[blindLaw] arguing matters in court: a roadblock and a possible way forward

Rahul Bajaj rahul.bajaj1038 at gmail.com
Mon Oct 17 03:55:07 UTC 2022

With legal and non-legal aspects. On the legal side, I would need help in getting the person to read out verbatim certain extracts that I would like the judge to consider. to be able to pull out, in short order, relevant pages that the judge may ask a question about and be able to assist me the whole time in answering those questions. In general, I would need help in navigating the “complex, getting to the desired courtroom, being taken to the lectern, being able to speak with the court master if anything comes up and that kind of thing.

Get Outlook for iOS<https://aka.ms/o0ukef>
From: BlindLaw <blindlaw-bounces at nfbnet.org> on behalf of Sanho Steele-Louchart via BlindLaw <blindlaw at nfbnet.org>
Sent: Monday, October 17, 2022 9:00:01 AM
To: Blind Law Mailing List <blindlaw at nfbnet.org>
Cc: Sanho Steele-Louchart <sanho817 at gmail.com>
Subject: Re: [blindLaw] arguing matters in court: a roadblock and a possible way forward


Could you describe some of the in-court issues you might need help with?


On 10/16/22, Rahul Bajaj via BlindLaw <blindlaw at nfbnet.org> wrote:
> Hi,
> Good morning from New Delhi. I work as a practicing attorney at an IP and
> civil litigation firm in Delhi. In litigation, making regular appearances
> before judges is vital for gaining the confidence of the bar, the bench and
> the litigant public. I have clerked for a Supreme Court judge before and
> did some specialized litigation in my law firm job as a fresh law graduate.
> but this is my first actual experience of doing a hardcore litigation job -
> something I have always wanted to try. I am 4 months in. One challenge I
> have been facing is not having a mechanism to appear in court on my own and
> argue matters before judges. Part of the reason for this not happening is
> because it takes time to build experience and trust.  but it also has to do
> with accessibility. Sharing below the key features of an exchange with a
> senior colleague at the firm I had recently apropos this. keen to hear any
> constructive suggestions on the way forward.
> I said to him:
> "Going forward, I am wondering what we can do to enable me to go solo to a
> court and do the needful in a given
> matter. For instance, this coming Monday, I think I would have been more
> useful to the firm if I were going to a court where no one else is able to
> go
> due to the volume of matters, as opposed to going to the high court
> [details of case redacted] where multiple people are anyway going, simply
> to observe proceedings. Of course, in a given day, if there is no such
> matter where there is scope
> to contribute more than merely observing the proceedings, then it makes
> sense to go just to observe matters. I guess what I am saying is that I
> would not
> like my choice of matters to be dictated by the accessibility of a court
> complex but instead by where the firm might need me most and where I can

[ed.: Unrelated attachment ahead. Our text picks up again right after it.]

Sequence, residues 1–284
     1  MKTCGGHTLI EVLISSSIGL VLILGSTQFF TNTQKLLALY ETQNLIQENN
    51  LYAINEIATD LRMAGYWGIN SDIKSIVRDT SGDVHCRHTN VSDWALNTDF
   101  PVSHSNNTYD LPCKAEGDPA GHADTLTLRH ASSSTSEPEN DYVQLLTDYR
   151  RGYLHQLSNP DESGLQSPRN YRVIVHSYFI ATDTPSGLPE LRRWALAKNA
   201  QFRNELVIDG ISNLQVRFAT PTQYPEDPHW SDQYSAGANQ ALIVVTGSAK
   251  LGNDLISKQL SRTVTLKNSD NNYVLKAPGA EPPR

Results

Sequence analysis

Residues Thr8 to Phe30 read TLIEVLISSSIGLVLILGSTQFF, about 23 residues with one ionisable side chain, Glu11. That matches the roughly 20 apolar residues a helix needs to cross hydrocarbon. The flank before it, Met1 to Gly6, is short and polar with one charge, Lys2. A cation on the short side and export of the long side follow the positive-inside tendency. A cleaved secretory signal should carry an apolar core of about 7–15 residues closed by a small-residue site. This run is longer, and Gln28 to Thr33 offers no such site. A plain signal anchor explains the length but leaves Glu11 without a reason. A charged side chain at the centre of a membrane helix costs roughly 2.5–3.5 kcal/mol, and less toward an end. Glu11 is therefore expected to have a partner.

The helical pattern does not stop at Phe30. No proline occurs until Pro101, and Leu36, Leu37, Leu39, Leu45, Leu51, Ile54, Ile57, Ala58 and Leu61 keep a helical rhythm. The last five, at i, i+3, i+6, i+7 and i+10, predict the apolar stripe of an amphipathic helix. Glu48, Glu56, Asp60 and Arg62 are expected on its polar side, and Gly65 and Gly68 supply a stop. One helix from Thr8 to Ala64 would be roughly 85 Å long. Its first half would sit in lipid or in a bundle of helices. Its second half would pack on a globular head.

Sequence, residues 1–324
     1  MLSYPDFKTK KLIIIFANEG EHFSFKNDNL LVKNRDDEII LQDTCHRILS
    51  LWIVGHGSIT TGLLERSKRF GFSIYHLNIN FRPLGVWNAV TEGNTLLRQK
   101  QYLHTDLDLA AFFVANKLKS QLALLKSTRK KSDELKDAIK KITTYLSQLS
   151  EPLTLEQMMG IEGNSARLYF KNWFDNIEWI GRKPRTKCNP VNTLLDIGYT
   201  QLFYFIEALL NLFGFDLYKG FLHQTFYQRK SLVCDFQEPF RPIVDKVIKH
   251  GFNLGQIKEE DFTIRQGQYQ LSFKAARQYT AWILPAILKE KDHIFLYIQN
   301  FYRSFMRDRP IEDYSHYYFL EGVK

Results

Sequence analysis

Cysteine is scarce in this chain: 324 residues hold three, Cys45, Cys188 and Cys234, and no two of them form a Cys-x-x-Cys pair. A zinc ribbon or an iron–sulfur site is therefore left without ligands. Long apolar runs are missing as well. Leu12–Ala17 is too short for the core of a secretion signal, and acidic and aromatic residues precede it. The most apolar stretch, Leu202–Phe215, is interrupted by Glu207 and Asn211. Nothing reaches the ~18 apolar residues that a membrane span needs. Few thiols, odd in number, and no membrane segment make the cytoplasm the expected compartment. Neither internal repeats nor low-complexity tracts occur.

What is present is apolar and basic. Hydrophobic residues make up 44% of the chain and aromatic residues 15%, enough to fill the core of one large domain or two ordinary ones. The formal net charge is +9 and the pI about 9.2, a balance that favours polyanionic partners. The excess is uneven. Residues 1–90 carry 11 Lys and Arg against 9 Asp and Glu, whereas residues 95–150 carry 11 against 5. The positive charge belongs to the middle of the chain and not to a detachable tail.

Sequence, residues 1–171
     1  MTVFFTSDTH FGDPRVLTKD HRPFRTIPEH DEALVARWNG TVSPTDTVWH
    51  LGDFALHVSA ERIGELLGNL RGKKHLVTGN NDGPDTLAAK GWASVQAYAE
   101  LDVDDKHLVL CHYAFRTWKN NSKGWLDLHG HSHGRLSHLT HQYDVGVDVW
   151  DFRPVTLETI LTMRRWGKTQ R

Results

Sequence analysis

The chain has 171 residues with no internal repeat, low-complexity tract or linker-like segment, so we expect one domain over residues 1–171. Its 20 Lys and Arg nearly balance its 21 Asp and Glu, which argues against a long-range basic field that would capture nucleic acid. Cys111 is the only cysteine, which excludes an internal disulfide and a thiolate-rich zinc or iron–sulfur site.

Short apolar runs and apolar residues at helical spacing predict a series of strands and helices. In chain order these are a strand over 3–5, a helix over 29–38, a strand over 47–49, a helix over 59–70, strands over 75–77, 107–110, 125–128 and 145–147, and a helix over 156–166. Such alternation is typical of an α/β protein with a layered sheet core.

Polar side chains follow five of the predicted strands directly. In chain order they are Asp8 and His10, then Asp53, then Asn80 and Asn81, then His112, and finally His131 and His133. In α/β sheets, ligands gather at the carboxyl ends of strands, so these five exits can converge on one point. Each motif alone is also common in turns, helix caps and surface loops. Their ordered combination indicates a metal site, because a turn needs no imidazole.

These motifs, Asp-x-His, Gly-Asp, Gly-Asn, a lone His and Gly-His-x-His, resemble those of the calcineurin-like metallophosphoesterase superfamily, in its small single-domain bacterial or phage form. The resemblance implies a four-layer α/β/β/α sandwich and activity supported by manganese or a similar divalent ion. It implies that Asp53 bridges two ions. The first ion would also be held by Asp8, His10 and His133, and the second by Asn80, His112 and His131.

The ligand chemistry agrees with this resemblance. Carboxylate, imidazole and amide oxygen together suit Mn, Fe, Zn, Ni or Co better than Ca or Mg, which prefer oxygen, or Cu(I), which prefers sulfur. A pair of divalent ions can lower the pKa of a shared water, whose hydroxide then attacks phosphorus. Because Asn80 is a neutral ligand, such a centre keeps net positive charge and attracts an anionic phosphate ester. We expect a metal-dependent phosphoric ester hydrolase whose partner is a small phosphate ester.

> contribute
> most. Equally, I understand that it would be easier for me to go for a
> matter where I can tag along with a colleague or court clerks, as opposed
> to
> being on my own. And, of course, accessibility barriers cannot be simply
> wished away...  That said, going forward, we should develop a system where
> I can take up assignments where the firm can rely on me to be its face for
> a
> matter. And where this choice is not guided by accessibility, but factors
> that are otherwise applicable, namely experience and trust. I am not sure
> how
> we can do this. I think the best way would be to hire an employee, part of
> whose express mandate would be to assist me, inter alia, in court and with
> accessibility
> challenges. I am sure we can work out the logistics and commercials in a
> mutually convenient fashion. What do you think?
> We had a good conversation about this. they shared that the reason why they
> were hesitant to send me alone for a matter to a court was because there
> wouldn't be a court staff or colleague to provide help. And that we needed
> to figure out a way to deal with this. and that I shouldn't think that this
> was a reflection on my abilities as a lawyer, but that it was a learning
> process for them also.
> I suggested hiring a fresh law graduate as my assistant, with the salary
> being shared 50-50 between me and the firm. that person can help me
> with barriers of this nature, most notably court appearances. I will await
> further correspondence.
> I understand that some litigation practices referenced above may be
> unfamiliar to you. but the broad contours of the issue should be fairly
> clear.
> Warmly,
> Rahul
> --
> --
> Rahul Bajaj
> Attorney, Ira Law
> Senior Associate Fellow, Vidhi Centre for Legal Policy
> Rhodes Scholar (India and Linacre 2018), University of Oxford
> Co-Founder, Mission Accessibility
> Special Correspondent on the rights of persons with disabilities, Oxford
> Human Rights Hub
> Coordinator of the working group on accessibility, e-Committee, Supreme
> Court of India
> _______________________________________________
> BlindLaw mailing list
> BlindLaw at nfbnet.org
> http://nfbnet.org/mailman/listinfo/blindlaw_nfbnet.org
> To unsubscribe, change your list options or get your account info for
> BlindLaw:
> http://nfbnet.org/mailman/options/blindlaw_nfbnet.org/sanho817%40gmail.com


BlindLaw mailing list
BlindLaw at nfbnet.org
To unsubscribe, change your list options or get your account info for BlindLaw:

More information about the BlindLaw mailing list